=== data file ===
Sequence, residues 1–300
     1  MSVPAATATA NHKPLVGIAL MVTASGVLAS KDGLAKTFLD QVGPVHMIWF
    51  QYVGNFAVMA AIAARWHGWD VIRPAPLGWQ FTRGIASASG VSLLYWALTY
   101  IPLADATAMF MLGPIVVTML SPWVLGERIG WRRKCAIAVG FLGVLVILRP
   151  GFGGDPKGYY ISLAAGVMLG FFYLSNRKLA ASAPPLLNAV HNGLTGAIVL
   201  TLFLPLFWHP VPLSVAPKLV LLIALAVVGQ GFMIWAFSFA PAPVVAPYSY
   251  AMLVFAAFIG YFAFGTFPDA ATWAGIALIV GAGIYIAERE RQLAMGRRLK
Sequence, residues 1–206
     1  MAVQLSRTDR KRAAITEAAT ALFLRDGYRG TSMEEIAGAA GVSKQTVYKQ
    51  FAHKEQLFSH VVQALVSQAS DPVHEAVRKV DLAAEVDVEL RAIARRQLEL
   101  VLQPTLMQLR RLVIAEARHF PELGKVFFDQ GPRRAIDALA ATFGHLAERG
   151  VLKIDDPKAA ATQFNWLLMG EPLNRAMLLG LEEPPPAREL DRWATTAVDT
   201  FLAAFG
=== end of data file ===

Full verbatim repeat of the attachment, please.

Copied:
Sequence, residues 1–300
     1  MSVPAATATA NHKPLVGIAL MVTASGVLAS KDGLAKTFLD QVGPVHMIWF
    51  QYVGNFAVMA AIAARWHGWD VIRPAPLGWQ FTRGIASASG VSLLYWALTY
   101  IPLADATAMF MLGPIVVTML SPWVLGERIG WRRKCAIAVG FLGVLVILRP
   151  GFGGDPKGYY ISLAAGVMLG FFYLSNRKLA ASAPPLLNAV HNGLTGAIVL
   201  TLFLPLFWHP VPLSVAPKLV LLIALAVVGQ GFMIWAFSFA PAPVVAPYSY
   251  AMLVFAAFIG YFAFGTFPDA ATWAGIALIV GAGIYIAERE RQLAMGRRLK
Sequence, residues 1–206
     1  MAVQLSRTDR KRAAITEAAT ALFLRDGYRG TSMEEIAGAA GVSKQTVYKQ
    51  FAHKEQLFSH VVQALVSQAS DPVHEAVRKV DLAAEVDVEL RAIARRQLEL
   101  VLQPTLMQLR RLVIAEARHF PELGKVFFDQ GPRRAIDALA ATFGHLAERG
   151  VLKIDDPKAA ATQFNWLLMG EPLNRAMLLG LEEPPPAREL DRWATTAVDT
   201  FLAAFG